Senior Ari Davanelos has been at WUSB 90.1 for two years and is the station's current director and president. (Photo Credit: Frank Posillico)

 

For as long as he could remember, senior Ari Davanelos has wanted to work in the media, an institution that he reveres as a “vanguard of culture.” But instead of having his major land him his dream job at SiriusXM, Davanelos is letting his extracurricular activities do the talking.

“My focus is getting a job through my extracurriculars,” Davanelos said. “That’s why I got involved with the radio.”

For the past two years, he’s worked at the university’s radio station, WUSB 90.1 FM, where he is both the station’s program director and president. Though he is very much, in his own words, a “behind-the-scenes” type, he still maintains an active presence on the airwaves through his own program, “The Ari D Show,” a smattering of “mod, bubblegum and new indie” that airs on Monday nights.

Since his freshman year, Davanelos has cycled through three different majors. After initially coming to Stony Brook University as a journalism major, he switched to English, citing that he learned very quickly that he was “a bad journalist” and that “journalism was no substitute for communications.” He grew disillusioned with poring over what he saw as irrelevant texts and switched to his current major, cinema and cultural studies. His passion, however, still lay in the airwaves.

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Davanelos is not alone; other students like him are branching out into activities and prospects beyond their area of study. Senior history major Jonathan Gottfried, for example, regularly participates in and has won prizes from “hackathons,” events in which developers race against the clock and each other to build a piece of software.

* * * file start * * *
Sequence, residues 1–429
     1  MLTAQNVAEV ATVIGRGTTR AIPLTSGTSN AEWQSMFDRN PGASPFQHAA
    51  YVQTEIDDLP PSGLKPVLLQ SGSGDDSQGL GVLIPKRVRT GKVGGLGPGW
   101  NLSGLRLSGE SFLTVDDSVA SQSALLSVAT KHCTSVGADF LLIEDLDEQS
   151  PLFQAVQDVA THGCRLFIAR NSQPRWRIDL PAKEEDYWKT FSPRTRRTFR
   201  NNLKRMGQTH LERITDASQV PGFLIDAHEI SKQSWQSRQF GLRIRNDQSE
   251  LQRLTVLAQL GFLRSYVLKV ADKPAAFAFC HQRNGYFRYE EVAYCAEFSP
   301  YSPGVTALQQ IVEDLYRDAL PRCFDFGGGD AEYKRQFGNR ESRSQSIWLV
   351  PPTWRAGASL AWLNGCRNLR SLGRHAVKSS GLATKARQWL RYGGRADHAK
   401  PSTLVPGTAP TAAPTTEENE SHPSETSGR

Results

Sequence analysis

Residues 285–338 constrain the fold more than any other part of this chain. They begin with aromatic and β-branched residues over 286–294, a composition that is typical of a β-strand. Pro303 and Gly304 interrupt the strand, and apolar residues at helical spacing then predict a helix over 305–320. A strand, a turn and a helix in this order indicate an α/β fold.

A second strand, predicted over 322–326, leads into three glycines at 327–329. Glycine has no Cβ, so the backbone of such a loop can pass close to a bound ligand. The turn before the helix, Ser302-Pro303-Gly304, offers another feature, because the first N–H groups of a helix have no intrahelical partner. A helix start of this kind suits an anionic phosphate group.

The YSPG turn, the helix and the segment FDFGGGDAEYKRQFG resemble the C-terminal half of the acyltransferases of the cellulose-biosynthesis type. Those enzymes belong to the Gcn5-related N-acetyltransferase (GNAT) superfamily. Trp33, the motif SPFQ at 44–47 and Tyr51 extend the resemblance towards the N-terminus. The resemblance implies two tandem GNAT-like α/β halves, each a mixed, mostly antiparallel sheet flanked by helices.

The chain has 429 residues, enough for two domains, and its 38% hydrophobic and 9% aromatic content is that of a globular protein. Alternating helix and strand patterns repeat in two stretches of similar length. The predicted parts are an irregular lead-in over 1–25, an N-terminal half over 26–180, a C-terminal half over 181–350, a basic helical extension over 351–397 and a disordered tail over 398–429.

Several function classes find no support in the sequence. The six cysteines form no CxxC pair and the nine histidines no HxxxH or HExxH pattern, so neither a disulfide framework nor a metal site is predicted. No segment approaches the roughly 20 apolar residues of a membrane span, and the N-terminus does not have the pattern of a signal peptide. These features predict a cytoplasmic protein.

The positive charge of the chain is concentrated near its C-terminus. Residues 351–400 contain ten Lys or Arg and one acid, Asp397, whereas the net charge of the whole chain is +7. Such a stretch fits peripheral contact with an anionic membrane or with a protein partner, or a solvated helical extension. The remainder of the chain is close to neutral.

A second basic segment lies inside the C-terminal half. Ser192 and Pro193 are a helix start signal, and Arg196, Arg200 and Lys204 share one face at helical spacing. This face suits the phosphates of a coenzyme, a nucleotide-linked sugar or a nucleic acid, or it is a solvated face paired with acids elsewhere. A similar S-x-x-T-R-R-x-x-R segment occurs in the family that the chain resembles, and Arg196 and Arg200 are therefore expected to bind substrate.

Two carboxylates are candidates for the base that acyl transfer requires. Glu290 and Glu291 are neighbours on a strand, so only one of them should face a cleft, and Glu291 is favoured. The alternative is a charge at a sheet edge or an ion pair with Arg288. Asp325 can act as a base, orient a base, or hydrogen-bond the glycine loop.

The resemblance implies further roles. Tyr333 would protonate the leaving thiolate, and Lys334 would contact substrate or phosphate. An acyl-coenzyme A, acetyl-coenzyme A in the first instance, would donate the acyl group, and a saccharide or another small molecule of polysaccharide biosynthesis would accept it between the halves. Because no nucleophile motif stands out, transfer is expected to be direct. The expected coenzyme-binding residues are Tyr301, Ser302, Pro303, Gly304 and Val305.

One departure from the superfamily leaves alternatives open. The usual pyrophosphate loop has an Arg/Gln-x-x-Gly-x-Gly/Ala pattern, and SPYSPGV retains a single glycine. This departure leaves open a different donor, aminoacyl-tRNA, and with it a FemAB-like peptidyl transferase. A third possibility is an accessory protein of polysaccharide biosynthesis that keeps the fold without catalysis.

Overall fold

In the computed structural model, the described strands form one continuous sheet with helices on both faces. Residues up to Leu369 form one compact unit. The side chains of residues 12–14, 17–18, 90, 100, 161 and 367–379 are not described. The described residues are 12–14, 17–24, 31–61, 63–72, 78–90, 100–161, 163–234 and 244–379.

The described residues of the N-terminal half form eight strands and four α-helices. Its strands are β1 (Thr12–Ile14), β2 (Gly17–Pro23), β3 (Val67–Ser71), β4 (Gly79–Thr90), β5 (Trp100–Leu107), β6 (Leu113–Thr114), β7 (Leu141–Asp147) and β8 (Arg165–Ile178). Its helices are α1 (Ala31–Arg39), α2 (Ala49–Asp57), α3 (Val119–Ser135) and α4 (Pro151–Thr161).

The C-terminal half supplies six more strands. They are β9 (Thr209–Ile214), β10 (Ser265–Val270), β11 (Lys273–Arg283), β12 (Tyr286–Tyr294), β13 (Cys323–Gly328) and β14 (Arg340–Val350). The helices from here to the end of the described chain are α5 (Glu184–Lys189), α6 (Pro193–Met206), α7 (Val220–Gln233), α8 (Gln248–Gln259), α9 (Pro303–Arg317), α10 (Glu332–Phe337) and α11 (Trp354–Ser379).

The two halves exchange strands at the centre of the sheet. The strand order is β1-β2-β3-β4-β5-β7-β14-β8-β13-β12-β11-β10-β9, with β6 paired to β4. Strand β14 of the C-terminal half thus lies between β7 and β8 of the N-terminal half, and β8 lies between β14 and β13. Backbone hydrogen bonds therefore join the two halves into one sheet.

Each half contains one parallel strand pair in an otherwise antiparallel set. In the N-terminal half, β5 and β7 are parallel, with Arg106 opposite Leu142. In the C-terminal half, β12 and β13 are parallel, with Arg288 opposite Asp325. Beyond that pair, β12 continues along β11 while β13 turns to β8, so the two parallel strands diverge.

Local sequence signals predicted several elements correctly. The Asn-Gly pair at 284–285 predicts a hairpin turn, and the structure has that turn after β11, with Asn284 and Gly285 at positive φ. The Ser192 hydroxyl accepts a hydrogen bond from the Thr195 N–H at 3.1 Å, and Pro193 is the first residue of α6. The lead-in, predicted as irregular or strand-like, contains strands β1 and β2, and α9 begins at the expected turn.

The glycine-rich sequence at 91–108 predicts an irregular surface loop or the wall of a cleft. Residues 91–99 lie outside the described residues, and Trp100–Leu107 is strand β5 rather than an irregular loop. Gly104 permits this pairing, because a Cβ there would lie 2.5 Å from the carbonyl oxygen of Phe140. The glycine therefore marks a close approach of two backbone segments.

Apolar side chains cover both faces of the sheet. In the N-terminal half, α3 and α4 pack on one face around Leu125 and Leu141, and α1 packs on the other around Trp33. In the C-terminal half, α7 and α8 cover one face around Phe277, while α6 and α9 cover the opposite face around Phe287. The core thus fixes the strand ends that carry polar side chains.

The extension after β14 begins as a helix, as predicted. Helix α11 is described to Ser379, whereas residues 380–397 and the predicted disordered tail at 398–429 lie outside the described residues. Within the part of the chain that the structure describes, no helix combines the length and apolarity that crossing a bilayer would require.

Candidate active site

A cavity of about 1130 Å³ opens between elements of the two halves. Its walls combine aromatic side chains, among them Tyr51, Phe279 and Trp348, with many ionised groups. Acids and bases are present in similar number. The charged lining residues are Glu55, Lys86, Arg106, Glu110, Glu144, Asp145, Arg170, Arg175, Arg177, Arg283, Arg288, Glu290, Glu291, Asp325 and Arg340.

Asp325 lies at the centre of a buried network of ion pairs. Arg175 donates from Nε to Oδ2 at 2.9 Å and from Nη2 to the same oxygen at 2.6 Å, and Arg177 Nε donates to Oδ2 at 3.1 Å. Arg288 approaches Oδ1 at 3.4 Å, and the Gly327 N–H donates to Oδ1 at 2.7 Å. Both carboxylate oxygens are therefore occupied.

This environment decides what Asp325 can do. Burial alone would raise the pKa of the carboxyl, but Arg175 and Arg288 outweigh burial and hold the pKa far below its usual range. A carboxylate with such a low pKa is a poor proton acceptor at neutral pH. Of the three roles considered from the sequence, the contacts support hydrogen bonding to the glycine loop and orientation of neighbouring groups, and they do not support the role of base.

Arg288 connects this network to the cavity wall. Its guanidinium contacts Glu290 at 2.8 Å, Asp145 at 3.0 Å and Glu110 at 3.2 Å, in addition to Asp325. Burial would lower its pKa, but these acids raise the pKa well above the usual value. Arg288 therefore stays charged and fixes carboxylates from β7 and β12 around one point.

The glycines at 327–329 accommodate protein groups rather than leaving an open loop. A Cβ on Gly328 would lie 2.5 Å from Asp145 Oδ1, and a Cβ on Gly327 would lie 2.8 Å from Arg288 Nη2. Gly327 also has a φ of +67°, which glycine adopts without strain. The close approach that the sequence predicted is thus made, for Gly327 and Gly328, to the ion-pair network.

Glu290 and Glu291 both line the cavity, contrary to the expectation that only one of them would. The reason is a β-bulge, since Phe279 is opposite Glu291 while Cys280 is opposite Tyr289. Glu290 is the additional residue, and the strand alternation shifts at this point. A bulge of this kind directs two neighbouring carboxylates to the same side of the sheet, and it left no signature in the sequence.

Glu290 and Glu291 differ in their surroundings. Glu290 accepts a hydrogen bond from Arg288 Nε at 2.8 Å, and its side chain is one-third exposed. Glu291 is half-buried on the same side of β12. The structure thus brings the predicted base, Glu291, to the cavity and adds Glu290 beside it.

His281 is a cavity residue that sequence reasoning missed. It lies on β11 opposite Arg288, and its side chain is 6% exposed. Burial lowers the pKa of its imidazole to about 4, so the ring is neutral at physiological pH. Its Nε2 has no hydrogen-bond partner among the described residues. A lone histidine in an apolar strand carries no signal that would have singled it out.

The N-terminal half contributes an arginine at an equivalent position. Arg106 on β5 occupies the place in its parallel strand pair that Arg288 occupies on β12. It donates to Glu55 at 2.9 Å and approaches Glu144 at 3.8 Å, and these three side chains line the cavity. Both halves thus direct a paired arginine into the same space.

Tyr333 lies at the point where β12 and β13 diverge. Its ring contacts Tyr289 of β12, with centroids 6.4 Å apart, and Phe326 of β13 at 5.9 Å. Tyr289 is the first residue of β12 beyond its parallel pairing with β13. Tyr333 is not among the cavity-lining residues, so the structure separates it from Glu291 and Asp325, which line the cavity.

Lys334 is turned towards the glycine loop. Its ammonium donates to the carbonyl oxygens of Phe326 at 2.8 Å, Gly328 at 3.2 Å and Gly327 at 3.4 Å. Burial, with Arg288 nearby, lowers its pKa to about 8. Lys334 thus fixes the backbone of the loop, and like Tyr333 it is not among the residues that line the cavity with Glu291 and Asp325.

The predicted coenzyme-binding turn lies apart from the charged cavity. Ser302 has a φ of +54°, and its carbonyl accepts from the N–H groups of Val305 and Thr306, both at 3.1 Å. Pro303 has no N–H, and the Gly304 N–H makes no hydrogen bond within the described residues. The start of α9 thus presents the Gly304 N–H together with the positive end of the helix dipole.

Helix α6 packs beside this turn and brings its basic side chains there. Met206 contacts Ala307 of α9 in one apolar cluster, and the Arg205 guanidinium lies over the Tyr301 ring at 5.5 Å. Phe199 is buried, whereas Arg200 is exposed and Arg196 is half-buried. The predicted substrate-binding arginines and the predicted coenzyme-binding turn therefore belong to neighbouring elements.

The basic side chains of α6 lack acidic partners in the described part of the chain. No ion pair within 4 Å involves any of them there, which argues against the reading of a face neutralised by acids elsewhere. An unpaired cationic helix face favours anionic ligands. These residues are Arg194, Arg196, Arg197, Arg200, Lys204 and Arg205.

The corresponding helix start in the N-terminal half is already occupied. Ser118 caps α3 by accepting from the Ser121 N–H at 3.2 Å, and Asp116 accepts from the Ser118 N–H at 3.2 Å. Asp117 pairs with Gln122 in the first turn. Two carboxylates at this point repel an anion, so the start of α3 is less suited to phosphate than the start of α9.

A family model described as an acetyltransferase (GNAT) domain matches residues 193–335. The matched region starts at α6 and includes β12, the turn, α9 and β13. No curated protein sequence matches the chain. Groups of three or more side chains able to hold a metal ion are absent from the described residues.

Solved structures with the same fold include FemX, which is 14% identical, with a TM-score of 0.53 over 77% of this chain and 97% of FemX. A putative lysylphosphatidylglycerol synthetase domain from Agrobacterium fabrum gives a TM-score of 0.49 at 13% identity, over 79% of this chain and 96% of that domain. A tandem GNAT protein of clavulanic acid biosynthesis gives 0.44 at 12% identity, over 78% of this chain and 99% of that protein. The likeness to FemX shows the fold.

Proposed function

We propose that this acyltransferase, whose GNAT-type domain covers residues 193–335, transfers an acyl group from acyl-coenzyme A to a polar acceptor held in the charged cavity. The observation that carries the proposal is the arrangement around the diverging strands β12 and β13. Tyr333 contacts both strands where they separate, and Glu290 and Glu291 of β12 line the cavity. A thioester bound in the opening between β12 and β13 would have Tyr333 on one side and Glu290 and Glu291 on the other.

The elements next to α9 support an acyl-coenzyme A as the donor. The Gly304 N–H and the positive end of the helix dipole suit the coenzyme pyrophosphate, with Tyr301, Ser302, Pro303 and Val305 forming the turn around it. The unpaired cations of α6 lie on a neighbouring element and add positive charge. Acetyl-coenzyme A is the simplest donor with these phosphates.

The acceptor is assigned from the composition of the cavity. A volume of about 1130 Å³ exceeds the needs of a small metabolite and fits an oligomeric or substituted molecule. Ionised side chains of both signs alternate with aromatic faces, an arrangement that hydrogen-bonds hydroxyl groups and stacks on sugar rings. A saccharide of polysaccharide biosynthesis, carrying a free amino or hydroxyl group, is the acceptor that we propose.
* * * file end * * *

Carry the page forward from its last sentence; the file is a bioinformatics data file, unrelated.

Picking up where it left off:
“My whole life I had been a programmer, and it was something I was fairly good at,” Gottfried wrote in an email. “Though when it came to the mathematical and research aspects of computers, I simply wasn’t interested. I felt like pursuing this sort of degree would actually dissuade me from being interested in technology, since it turned it into a chore rather than a fun hobby, and I had no interest in working for large corporations or enterprise development firms.”

Though he entered Stony Brook as part of the Honors Computer Science program, Gottfried only remained in the program for three semesters and took two classes before switching into history, a subject he had long been interested in and had already earned a few credits in. So far, his strategy has earned him a job with a Boston-based music startup, The Echo Nest, as well as multiple job offers from companies both large and small. Gottfried said he thought that being proactive by taking risks and pursuing interests outside of school and one’s major was essential to having a variety of prospects in the job market.